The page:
L A N D A R T P R O P O S A L, Albuquerque, New Mexico, 2009
Commissioner: City of Albuquerque Public Art Program, Albuquerque, New Mexico
This project is a construction of humanizing artscape that connects people, earth, and sky that can be experienced from multiple locations, from the road nearby, and from the sky as one flies over the human/earth mound. Inspired by the Vitruvian Man (1487) created by Leonardo da Vinci, that depicts a nude male figure in two superimposed positions with arms and legs apart, simultaneously inscribed in a circle and square. This work represents a cornerstone of Leonardo’s attempts to relate humans to nature, presenting the workings of the human body as an analogy for that of the universe.
It is also believed that Leonardo symbolized material existence by the square and spiritual existence by the circle. This image is used as the symbol of many contemporary representations of alternative medicine and holopathic wellness.The earth will be sculpted into topography of the human body (no gender), 66-feet in length, referencing the diameter of the Casa Rinconada, the largest kiva of the Anasazis of the Chaco Canyon. The height of the mound will be proportional to the length of the body, which will be approximately 15 feet high. In order to honor the ancient Pueblo knowledge of cultivation of medicinal plants within an arid climate, the mound will be topped with sandbags made of natural jute, filled with earth and local plants and herbs associated with healing. The plants will be placed in the specific area of the body-topography corresponding to their medical applications and healing properties.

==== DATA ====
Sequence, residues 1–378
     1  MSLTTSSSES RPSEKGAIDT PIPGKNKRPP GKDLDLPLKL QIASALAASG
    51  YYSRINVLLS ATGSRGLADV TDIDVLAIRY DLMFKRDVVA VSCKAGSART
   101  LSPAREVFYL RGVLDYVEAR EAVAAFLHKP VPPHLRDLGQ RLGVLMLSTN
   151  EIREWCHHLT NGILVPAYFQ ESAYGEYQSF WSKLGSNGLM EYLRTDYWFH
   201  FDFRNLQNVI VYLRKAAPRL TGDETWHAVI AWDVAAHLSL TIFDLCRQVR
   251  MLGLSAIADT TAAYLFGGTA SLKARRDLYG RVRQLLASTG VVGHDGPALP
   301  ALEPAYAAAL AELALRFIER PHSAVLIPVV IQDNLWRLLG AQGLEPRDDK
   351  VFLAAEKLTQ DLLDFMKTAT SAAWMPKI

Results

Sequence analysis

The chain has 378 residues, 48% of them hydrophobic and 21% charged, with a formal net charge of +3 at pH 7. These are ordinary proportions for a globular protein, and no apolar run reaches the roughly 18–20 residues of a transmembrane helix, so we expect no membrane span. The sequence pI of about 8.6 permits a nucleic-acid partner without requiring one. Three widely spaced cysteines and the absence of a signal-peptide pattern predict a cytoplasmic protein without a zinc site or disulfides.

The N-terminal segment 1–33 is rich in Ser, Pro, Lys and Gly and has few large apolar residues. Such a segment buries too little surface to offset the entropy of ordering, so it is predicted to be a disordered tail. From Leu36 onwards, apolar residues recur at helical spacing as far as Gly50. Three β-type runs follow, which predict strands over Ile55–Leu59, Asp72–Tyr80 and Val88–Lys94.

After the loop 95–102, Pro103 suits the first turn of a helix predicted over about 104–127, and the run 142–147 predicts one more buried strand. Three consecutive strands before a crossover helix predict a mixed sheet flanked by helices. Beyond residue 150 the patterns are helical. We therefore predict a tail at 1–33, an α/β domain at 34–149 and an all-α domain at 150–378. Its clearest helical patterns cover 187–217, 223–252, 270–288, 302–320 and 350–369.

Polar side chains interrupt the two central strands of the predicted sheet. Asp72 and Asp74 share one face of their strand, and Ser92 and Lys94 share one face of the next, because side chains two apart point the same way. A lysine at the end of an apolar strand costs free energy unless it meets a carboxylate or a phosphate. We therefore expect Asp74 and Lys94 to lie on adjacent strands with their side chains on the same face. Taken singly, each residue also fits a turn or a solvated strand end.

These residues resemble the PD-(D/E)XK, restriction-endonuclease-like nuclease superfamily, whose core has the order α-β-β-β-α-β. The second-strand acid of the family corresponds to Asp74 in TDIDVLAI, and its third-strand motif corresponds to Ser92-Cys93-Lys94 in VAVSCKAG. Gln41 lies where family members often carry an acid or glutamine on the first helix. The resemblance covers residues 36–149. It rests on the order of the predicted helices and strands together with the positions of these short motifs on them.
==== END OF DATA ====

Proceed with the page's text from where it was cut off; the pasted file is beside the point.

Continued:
As the jute bags break down over time, the medicinal plants will become part of the living systems of the desert. As opposed to many suburban plantings, this work will ‘replant’ the inherited wisdom of the indigenous culture, linking place with its history and its future. The goal is to seek counsel from the indigenous people, local land- scape architects and botanists, and extend the ecological messages into the larger contexts of community, school or public park in which they are placed in order to stimulate future dialogue.